Sixth Step on the Path
Upon reaching this particular step, most Buddhist texts usually deliver a little sermon on willpower. Says Walpola Rahula (quoting scripture, I believe) "Right Effort is the energetic will (l) to prevent evil and unwholesome states of mind from arising, and (2) to get rid of such evil and unwholesome states that have already arisen within a man, and also (3) to produce, to cause to arise, good and wholesome states of mind not yet arisen, and (4) to develop and bring to perfection the good and wholesome states of mind already present in a man."
The Reverend Dr. Rahula, having begun and concluded his remarks on Right Effort, moves on to the next step in the Path. We are left wondering how we can use the information provided in this four-part definition. A definition is not a plan.
Right Effort requires us to simplify our life and to restructure it in ways that conduce to the performance of our Chan practice. We create an environment in which our practice can thrive.
Right Effort, then, enables us to establish a positive feedback loop: success in meditation makes us feel better emotionally and physically, and feeling better makes us enthusiastic about keeping our Chan practice. Willpower is not something we will ourselves to have. We are motivated to act only when we desire the rewards of our actions. It is possible to be motivated to act in order to avoid pain, discomfort or the descent into a former, failed way of life; but this negative kind of motivation is never very strong. A merciful providence consigns pain to oblivion. We quickly forget how really awful life can be, how very injurious to us certain people, places and things actually are. We get sloppy and backslide.
In the fables of Hinduism and Buddhism, a recurring character appears: the purchased devil. How important it is to maintain our practice is illustrated in one particular story:
A man is walking through the marketplace when he suddenly sees a caged devil for sale. He wonders why anyone would want to buy a devil but the merchant assures him that the devil is well worth the investment. The devil can perform any and all domestic tasks assigned to him. All that is necessary, says the merchant, is that the devil faithfully be told each morning what his duties for the day will be. His owner will then be free to leave the house and attend to his own work, knowing that each night, when he returns, all the household chores will be done. The man, who happens to be a bachelor, has a definite need for housekeeping help; and so he buys the devil. Everything goes well for several weeks. The man rises, instructs his devil and goes to work sanguine in the knowledge that when he returns in the evening the house will be clean, his laundry done, the garden tended, and his dinner prepared. But one day he meets some friends after work, gets drunk with them, and stays in town overnight. The next morning he goes directly to his job. That evening when he finally returns home, he enters his house and discovers his devil dismembering a neighbor's child.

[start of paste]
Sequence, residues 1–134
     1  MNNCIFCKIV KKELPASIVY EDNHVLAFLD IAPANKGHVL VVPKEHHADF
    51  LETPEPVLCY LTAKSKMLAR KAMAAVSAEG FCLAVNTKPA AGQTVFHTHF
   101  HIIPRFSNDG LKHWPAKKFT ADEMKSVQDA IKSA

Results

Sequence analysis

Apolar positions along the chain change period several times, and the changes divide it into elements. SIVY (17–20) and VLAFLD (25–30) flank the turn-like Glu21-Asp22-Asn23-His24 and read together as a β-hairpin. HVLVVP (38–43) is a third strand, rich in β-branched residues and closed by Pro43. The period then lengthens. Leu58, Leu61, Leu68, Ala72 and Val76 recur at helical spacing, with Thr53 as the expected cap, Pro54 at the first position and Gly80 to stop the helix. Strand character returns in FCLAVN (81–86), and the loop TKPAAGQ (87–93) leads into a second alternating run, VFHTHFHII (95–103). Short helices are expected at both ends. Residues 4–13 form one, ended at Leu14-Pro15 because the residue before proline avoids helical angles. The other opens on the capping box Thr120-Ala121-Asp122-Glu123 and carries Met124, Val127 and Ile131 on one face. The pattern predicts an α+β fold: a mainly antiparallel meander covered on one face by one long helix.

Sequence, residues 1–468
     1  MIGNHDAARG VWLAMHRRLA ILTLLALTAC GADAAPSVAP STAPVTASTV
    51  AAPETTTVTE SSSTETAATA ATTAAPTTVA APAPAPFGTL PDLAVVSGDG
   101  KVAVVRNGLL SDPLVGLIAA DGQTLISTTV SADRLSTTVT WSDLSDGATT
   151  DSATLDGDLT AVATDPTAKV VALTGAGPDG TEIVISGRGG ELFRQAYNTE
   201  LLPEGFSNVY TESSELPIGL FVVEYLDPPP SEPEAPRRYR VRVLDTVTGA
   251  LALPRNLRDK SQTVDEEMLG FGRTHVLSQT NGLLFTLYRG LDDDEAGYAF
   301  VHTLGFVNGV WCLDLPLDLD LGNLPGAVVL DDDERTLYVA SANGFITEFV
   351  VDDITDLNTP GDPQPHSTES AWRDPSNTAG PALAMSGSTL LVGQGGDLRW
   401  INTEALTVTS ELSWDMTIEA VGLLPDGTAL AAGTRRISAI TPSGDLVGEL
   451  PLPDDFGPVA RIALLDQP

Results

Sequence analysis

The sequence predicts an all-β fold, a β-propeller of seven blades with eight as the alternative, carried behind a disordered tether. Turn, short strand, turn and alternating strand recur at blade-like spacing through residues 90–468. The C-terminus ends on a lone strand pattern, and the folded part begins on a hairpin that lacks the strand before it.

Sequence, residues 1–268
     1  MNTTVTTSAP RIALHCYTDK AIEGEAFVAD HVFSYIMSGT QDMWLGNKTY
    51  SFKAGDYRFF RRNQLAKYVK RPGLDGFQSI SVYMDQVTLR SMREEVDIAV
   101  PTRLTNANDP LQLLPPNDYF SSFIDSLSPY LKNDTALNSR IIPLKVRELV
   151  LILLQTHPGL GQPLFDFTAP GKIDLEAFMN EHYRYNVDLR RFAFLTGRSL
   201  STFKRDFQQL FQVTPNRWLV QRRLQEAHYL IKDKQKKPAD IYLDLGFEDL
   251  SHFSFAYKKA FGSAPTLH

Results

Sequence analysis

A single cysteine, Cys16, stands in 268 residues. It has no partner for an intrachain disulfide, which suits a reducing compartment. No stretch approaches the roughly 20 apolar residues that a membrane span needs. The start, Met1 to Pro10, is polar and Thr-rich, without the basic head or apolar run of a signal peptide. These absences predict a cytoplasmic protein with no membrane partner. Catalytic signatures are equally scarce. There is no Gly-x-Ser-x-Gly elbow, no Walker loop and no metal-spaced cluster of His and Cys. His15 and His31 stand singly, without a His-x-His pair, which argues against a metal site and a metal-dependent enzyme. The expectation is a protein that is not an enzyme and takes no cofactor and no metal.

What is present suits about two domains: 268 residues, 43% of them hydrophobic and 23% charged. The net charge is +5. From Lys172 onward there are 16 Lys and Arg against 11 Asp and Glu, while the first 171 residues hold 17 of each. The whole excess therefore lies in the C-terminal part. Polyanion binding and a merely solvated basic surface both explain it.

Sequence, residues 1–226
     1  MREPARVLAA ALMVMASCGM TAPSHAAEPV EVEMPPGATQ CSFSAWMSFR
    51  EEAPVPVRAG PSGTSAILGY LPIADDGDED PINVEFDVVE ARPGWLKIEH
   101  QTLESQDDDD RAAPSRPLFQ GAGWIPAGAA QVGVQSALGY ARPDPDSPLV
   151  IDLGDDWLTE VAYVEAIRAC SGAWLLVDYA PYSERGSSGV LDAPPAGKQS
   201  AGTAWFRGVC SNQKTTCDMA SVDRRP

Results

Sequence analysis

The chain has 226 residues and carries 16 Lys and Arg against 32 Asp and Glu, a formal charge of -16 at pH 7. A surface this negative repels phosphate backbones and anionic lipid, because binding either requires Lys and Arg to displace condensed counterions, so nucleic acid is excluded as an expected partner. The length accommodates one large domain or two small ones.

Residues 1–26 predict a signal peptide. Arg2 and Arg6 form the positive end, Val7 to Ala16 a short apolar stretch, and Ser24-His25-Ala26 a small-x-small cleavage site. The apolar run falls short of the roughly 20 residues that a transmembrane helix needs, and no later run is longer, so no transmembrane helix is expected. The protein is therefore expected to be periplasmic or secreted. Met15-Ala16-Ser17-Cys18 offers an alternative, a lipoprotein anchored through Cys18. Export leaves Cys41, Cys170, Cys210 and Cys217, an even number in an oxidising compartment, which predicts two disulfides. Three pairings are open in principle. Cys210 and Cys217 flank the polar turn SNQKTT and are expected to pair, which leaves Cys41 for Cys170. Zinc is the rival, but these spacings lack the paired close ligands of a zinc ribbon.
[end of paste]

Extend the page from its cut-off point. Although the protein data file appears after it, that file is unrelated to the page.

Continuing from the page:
In other words, the very first time we break with our Chan routine, we invite disaster. But this is true of any routine that we swear on our mother's aorta we will keep faithfully. We are like alcoholics who think sobriety can be resumed after we enjoy just one martini. It can't. To break any routine is almost to forget that we ever had one.
Right Effort keeps us on the Path. We simplify our lives in order to lower our stress levels. By minimizing our interactions with others we minimize conflicts or other ego-energizing involvements. By taking the conditions of our body and mind seriously, we eliminate deleterious habits such as smoking, drinking, drug dependency and even addictive personal relationships, eliminations which can be ended easily, providing we grasp the power that meditation and Chan psychology and philosophy offer. We do and we think. We meditate and we gain insight.
Willpower is not a creature that spontaneously generates in our brains. We develop good habits only when their performance pleases us. If we like the result, we continue.
1. Creating a meditation space.
A sanctuary is a sacred place. In it a necessary mood of spiritual well-being is evoked, creating a feedback loop. We like the feeling we get from entering the sanctuary and this motivates us to engage in our meditation practice. Success in the practice heightens the mood of the sanctuary. We can acquire the habit of entering this mood as we acquire the habit of entering the sanctuary.
Beginners require a meditation space. If we have a whole house to ourselves, we can select a bedroom, throw all of the furniture and junk out of it, take down the drapes or other window treatments that inhibit the passage of light into it, paint the walls a soft white, clean the rugs, create an altar out of a narrow table, put pictures of the Buddha and our teachers on the altar and a cushion on the floor in front of it, add some flowers and incense, and we are ready to go.
What if we don't have a whole house to ourselves? No problem. We use whatever space we have. Finding a quiet time is usually, in such cramped environments, a much greater problem.
The Seventh World of Chan Buddhism
Chapter 15: Right Effort: Page 1 of 3
Last modified: July 11, 2004
©1996 Ming Zhen Shakya (Chuan Yuan Shakya)